6. Not staying present in the moment. If you’re always thinking of where you need to be next instead of staying in the moment, you lose out on precious time and valuable lessons. A constant forward push isn’t sustainable in the long term. It burns people out and will lead to low morale and low energy. Give everyone a chance to slow down and experience what’s happening now.
7. Expecting others to do what you’re unwilling to do. How many of us have encountered leaders with a mindset of entitlement—that things need to be about what others can do for them rather than how they can serve others? Entitlement is a dangerous mindset, one that disempowers and alienates people. If you want great people to stick around to serve you, you need to serve them.
8. Becoming so obsessed with details that you lose the big picture. There are always details that need legitimate attention. But great leaders know that to get bogged down in all the details and minutia is a waste of time, energy and productivity. Getting stuck in the details will cost you big-picture success.
9. Isolating yourself from others. Some leaders actually believe that leadership means immersing yourself in process and procedures instead of being among people. The mindset that a leader can’t let others too close is one of the most dangerous I have observed. Leadership is all about engagement and empowering others, and you simply cannot do it in isolation. Leaders need people and people need leaders.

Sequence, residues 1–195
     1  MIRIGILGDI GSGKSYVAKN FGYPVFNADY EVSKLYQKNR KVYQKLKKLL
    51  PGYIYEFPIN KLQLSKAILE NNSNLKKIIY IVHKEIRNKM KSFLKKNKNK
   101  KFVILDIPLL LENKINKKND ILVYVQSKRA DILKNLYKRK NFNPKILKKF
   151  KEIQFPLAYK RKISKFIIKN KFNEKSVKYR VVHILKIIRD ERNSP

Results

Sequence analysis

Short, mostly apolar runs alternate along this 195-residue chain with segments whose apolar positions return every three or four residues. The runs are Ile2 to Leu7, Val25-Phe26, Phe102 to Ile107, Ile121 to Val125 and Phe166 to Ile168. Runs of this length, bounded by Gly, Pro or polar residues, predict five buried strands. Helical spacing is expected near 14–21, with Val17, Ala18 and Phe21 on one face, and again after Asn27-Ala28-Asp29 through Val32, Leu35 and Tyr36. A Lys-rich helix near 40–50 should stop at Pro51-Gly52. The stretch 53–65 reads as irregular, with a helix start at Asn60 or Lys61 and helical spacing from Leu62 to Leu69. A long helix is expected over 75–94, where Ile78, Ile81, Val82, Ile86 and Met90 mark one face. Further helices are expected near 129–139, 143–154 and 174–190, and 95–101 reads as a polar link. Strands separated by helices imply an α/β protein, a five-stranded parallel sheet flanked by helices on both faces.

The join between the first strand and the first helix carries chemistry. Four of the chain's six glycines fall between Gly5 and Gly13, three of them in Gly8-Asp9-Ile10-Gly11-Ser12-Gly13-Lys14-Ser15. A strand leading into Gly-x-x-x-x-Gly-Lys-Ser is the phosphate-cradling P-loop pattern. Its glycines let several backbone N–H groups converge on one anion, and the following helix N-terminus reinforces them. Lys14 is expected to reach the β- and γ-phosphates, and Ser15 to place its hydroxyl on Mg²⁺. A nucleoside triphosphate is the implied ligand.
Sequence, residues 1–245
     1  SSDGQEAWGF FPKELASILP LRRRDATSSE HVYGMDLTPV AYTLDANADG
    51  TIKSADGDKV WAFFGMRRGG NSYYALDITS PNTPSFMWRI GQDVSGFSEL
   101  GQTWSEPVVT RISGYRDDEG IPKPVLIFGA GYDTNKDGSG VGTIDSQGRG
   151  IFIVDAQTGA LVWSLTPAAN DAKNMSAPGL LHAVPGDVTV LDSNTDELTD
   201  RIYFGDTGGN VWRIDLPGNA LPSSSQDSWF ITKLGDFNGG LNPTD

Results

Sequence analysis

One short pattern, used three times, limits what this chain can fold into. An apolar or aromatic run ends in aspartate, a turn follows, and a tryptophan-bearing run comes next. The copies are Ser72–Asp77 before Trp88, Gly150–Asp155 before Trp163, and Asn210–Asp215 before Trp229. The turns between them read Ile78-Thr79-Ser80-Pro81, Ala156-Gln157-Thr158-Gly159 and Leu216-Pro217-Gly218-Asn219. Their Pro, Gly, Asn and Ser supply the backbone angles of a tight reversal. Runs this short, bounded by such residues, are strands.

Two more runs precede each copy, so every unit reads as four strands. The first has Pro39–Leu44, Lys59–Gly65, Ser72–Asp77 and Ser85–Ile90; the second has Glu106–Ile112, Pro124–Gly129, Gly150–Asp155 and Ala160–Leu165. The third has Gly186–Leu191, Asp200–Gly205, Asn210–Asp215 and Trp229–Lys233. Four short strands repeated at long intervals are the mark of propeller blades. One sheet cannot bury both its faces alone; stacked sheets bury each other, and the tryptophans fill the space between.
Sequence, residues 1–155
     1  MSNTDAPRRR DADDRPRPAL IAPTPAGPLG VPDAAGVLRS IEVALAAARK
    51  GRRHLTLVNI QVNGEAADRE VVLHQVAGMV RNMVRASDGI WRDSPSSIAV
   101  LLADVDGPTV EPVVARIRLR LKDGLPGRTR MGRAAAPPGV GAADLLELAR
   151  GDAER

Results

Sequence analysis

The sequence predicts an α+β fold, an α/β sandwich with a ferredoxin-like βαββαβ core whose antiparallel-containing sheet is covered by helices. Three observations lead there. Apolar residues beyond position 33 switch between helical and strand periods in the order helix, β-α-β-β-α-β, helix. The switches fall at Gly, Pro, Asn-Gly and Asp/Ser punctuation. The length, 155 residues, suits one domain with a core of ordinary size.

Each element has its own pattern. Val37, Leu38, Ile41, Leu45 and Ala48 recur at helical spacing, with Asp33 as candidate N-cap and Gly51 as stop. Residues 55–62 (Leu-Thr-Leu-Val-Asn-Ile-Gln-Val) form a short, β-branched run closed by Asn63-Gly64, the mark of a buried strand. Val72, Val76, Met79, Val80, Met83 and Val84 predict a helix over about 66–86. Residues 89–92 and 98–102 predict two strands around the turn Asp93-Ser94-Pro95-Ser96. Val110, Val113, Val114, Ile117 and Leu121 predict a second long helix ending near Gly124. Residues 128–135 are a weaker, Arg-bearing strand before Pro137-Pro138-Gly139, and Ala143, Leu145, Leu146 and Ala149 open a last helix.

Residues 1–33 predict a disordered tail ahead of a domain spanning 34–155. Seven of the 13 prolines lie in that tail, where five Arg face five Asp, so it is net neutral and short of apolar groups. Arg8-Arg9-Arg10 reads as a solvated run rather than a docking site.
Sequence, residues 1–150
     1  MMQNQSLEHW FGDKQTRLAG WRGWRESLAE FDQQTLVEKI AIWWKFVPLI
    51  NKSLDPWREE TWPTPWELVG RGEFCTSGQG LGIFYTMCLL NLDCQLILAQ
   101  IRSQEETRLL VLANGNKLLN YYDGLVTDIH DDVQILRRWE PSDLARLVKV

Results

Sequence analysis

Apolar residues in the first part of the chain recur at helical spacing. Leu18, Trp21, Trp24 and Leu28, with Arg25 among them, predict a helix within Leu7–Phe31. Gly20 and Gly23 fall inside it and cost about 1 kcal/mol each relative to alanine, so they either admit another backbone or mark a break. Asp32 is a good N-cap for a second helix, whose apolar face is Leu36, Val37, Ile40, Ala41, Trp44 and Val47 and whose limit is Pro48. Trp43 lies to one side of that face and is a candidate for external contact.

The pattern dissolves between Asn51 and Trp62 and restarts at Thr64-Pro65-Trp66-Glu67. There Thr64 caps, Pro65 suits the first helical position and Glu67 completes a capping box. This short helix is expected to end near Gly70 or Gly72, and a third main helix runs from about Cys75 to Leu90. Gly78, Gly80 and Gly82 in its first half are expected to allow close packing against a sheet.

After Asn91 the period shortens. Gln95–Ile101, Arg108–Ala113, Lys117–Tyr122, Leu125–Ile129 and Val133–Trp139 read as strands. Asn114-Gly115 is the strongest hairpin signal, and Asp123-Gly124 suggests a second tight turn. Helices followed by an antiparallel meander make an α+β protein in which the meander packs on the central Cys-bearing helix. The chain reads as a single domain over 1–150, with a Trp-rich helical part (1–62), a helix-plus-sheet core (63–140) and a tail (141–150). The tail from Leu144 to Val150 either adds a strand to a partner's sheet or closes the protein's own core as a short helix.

10. Having different sets of rules. The mindset that you can have one set of rules for yourself and another set for everyone else is disturbing and goes against the principles of service and recognition that leadership should be based on. It leads to disdain and disrespect.
11. Holding an all-or-nothing orientation. Failing to recognize nuance and shades of gray leads to bias and distorted thinking. We need leaders who are flexible and agile, unafraid of what might go wrong and positive about what could go right. All or nothing is a dangerous and damaging proposition.
12. Believing that you have to do everything yourself. You probably became a leader because you’re really good at what you do, but the truth is you never have to do everything alone. Great leaders delegate—which not only helps them but involves other people.